Dar es Salaam, Tanzania – Now that he’s learned to fight, Hassan Farahani doesn’t feel he needs to do so anymore.
“When people make jokes or harass me in the street, now I just leave. I have the confidence of martial arts—my strength is here,” he says, gesturing towards his chest.
Farahani, 29, is part of a group of Tanzanians with albinism learning karate in Dar es Salaam, their country’s largest city. The group meets in the evenings to train in a small dojo above an Indian restaurant, shuffling across foam mats under the glare of fluorescent lights, practicing kicks, punches and throws.
Their goal is not just to learn self-defense, but to one day become karate instructors themselves, teaching future generations of Tanzanians with albinism about karate, discipline, and self-confidence.
Before his martial arts training started, Farahani didn’t always have the same mental or physical strength. In school, he was teased and harassed by other children, an experience common to many people with albinism in the country. Unable to afford school fees, he was forced to leave school in Grade 7, but the frustration continued.
In Tanzania, an estimated 1 in 1,400 people in the country have albinism, compared to a rate of about 1 in 20,000 in the United States. So people with the condition there are subject of daily discrimination with their light skin instantly setting them apart as targets.
Myths and superstitions surround Tanzanians with albinism: that they are immortal, that they aren’t human but instead ghosts, or that they are cursed by a deity. Many have been attacked, mutilated and even killed for their body parts, which are believed to hold magical powers. Witchdoctors use these body parts for potions and spells meant to heal sickness, grant political power or bestow wealth and success.
After leaving school, Farahani started practising to play music and eventually joined Albino Revolution, a cultural dance troupe, where he drums and dances with fellow Tanzanians with albinism. Their songs tell the story of their struggles in daily life, calling for equality and acceptance.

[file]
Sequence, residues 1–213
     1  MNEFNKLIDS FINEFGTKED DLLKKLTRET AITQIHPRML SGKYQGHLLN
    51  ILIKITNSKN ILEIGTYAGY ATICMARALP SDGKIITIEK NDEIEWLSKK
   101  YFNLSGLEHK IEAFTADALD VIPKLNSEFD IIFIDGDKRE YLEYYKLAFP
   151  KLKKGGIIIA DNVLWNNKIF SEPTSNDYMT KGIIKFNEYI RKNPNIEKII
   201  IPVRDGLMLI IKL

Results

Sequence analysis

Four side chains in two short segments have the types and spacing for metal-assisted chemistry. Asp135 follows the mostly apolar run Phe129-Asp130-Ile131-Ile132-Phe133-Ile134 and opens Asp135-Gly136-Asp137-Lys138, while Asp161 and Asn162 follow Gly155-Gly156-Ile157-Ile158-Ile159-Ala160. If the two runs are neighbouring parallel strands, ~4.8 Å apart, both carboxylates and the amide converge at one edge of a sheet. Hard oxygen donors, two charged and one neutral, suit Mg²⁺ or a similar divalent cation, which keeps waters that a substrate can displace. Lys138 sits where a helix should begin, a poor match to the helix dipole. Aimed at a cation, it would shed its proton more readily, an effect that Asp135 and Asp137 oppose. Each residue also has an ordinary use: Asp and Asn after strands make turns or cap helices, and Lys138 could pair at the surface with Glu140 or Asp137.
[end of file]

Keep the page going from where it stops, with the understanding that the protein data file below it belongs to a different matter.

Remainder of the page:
Soon enough, the free martial arts training became his focus.
‘Like a new person with a new smile’
The training programme was founded by Jerome Mgahama, a karate instructor for over 20 years and founder of the Japanese Karate Association club in Dar es Salaam, Tanzania’s economic capital. He was inspired to start it after demonstrating martial arts for children with albinism at summer camps organized by NGOs and religious groups in Tanzania.
Often, young children with albinism in Tanzania leave their rural homes to stay at boarding schools or non-profit centers that provide for both their education and safety, said Grace Wabanhu, who works for the non-profit Village of Hope.
She attended one of Mgahama’s summer camp karate sessions and recalled the outpouring of joy from students who practiced martial arts even for a few days over the summer. The physical exercise and new skills were empowering to the students, she told Al Jazeera.
“The challenge we are struggling with is trauma due to albinism,” Wabanhu said. “Students have been abandoned by their families or ostracized from their communities at a young age, while others have survived attacks themselves, or seen family members brutalized in attacks.”